On Wednesday, the Baseball Hall of Fame inducted three new members: Jeff Bagwell, Ivan Rodriguez, and Tim Raines. All worthy candidates who deserved a spot in baseball lore.
As a huge baseball fan myself, it was nice to see Piazza and Pudge get elected in back to back years. Both players were the best catchers in their respective leagues for 10+ years. Piazza did it with the bat, while Rodriguez was a master defensively. Bagwell was another player I distinctly remember growing up. Crouched down in an awkward stance and ready to absolutely unload on the ball at any moment, he was truly one of a kind. Tim Raines was just before my time as a fan but from everything I have read on him and heard, he is a much deserving candidate who waited many longs years before finally getting that infamous call.
Notably absent from the selections this year were Trevor Hoffman and Vladimir Guerrero. Hoffman only missed by 1% so he’s a shoe in for next year. Vlad about had 71.7% of the vote so it’s very likely he gets in next year as well. He was probably the most intriguing player I ever saw play. The man hit balls nowhere near the strike zone miles over the fence, and had the definition of a “cannon of an arm”.
Also absent were Barry Bonds and Roger Clemens. This year about half of the Baseball Writers had to make their ballots public. On those ballots Bonds and Clemens had about 60% of the vote. Still short of being elected but a significant improvement over previous years. There is no hiding the fact that when the voters couldn’t hide behind an anonymous ballot they were more likely to vote for those two superstars. I understand the notion of not letting in Bonds and Clemens, who were the two best players in their era, because they were steroid users. The only problem is, literally every other player from that era was also on steroids. It’s called the Steroid Era for a reason.
Look at this year’s selection, specifically Ivan Rodriguez. In 2003, Rodriguez tested positive for steroids. He denied taking them but years later basically admitted to the fact. So why does he get a pass? Barry Bonds could be considered the greatest baseball player of all time. It seems to be this factor that is keeping him off the ballot. Pudge, Bagwell, Piazza were all suspected (over proven) steroid users. Yet because their overall numbers are still great but not AMAZING, that they deserve to get in. Is there less suspicion because their numbers look pedestrian to Bonds’? Why punish the best, when you let in the good of players who committed the same injustice?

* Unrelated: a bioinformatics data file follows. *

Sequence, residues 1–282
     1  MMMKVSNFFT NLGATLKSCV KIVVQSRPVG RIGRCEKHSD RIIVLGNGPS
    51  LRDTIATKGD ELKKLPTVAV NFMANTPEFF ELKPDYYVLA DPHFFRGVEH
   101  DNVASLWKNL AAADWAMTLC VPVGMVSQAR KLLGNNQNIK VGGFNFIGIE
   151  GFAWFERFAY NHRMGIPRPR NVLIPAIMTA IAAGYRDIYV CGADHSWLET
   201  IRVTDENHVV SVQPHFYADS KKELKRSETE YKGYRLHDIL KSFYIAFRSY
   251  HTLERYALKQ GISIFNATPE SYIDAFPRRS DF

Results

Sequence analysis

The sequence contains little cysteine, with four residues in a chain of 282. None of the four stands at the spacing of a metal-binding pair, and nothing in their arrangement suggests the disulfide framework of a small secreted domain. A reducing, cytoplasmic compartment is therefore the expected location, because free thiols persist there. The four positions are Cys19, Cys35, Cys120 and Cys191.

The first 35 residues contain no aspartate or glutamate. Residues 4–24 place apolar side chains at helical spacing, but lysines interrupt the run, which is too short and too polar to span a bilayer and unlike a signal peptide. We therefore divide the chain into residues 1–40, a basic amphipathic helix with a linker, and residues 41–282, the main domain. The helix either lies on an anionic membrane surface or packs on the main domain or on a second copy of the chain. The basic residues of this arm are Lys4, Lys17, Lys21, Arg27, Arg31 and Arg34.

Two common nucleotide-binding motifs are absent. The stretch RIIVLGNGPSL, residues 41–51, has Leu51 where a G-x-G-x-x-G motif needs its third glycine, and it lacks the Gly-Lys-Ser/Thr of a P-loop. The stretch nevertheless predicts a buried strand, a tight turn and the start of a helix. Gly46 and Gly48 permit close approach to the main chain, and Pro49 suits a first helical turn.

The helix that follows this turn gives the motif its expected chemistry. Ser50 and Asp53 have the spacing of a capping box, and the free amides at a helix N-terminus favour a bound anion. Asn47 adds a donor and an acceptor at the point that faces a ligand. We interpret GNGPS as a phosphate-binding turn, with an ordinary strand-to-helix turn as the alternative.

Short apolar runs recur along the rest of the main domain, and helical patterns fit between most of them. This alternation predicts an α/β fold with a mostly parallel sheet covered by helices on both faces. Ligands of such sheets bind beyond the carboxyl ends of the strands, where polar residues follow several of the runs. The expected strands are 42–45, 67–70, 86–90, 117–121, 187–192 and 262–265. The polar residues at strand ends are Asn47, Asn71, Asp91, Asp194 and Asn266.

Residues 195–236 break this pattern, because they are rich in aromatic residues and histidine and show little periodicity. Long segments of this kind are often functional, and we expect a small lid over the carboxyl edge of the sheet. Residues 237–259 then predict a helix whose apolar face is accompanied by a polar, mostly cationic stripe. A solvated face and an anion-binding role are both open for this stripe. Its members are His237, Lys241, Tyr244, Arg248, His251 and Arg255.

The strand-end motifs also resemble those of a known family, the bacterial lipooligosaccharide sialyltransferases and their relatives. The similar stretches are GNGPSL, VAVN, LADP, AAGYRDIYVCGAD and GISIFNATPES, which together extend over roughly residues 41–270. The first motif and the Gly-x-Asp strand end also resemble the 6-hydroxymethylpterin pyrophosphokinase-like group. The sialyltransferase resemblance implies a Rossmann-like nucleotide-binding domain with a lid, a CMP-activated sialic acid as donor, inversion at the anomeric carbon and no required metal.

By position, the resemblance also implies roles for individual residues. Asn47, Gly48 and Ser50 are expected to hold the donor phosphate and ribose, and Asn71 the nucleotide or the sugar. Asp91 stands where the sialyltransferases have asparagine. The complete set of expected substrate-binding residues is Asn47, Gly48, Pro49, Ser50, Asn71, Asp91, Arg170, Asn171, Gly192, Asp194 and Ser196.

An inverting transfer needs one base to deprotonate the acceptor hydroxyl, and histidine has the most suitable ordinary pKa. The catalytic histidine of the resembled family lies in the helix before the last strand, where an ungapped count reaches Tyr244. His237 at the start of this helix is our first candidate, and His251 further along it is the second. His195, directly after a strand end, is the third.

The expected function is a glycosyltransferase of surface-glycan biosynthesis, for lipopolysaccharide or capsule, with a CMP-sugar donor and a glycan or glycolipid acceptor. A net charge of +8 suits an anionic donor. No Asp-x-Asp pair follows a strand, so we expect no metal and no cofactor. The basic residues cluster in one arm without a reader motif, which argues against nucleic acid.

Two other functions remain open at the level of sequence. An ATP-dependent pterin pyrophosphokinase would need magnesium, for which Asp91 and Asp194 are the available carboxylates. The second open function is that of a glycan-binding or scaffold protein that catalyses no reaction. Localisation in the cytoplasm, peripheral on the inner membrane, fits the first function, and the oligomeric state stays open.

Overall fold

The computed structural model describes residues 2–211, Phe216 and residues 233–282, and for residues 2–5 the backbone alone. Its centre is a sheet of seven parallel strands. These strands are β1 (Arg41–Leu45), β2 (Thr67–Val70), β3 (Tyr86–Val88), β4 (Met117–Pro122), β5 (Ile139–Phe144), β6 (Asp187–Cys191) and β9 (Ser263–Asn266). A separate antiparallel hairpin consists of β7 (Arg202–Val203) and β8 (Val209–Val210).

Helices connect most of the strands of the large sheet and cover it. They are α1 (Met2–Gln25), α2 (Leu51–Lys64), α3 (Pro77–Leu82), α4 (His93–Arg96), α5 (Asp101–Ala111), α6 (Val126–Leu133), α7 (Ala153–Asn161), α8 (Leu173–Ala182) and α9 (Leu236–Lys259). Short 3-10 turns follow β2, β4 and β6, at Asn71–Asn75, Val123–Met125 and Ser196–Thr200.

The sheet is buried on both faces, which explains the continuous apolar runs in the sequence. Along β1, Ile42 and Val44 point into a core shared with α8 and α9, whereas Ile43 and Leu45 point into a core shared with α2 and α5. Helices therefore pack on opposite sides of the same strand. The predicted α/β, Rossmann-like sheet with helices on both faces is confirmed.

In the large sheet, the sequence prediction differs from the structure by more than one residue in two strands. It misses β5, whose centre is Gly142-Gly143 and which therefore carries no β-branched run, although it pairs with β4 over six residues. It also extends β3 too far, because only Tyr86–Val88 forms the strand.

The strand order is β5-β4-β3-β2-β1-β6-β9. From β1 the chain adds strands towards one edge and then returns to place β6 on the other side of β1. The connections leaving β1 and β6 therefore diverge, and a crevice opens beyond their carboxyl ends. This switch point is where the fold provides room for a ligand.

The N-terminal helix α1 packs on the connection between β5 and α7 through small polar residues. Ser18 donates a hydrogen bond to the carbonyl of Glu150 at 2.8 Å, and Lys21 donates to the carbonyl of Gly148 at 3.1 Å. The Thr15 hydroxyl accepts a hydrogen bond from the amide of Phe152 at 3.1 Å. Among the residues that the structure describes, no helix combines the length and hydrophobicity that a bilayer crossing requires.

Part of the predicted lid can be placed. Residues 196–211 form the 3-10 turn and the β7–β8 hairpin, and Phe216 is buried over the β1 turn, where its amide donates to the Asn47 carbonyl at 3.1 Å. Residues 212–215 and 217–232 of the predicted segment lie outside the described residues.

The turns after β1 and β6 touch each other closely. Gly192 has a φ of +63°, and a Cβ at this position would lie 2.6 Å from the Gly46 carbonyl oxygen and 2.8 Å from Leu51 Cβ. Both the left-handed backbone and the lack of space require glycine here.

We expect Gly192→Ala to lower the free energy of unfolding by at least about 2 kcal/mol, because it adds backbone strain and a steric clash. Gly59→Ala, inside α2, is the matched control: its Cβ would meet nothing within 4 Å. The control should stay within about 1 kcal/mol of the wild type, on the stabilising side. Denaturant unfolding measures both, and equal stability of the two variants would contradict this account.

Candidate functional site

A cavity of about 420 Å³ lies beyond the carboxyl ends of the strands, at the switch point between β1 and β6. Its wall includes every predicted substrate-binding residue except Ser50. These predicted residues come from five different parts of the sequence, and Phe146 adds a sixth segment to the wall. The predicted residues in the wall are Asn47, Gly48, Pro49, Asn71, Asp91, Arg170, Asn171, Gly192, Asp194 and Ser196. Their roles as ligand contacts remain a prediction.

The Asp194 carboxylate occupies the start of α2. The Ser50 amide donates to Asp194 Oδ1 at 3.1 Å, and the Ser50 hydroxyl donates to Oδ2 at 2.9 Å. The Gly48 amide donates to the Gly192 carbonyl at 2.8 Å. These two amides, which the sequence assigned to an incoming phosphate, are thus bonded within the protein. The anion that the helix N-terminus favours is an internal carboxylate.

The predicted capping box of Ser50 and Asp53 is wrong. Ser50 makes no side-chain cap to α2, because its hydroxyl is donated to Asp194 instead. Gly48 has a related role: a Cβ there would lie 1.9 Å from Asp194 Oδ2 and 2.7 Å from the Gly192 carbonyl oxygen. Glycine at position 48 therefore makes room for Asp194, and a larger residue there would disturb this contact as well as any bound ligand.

I believe that with the installment of public ballots, writers will eventually come around and vote Bonds and Clemens in like they should have done years ago. Baseball fans will understand that their numbers aren’t necessarily an accurate representation of who they actually were as a player, but you could make that argument for almost any era in baseball. Bob Gibson and Sandy Kofax pitched on elevated mounds which gave them an advantage. Hell, Babe Ruth never played against black players or Latino players. That isn’t their fault as players either. You show up, play the game in front of you with the rules set forth, and if you are the best of your time you deserve a plaque in Cooperstown.
Congrats to the Baseball Hall of Fame class of 2017. It was an honor watching you guys play.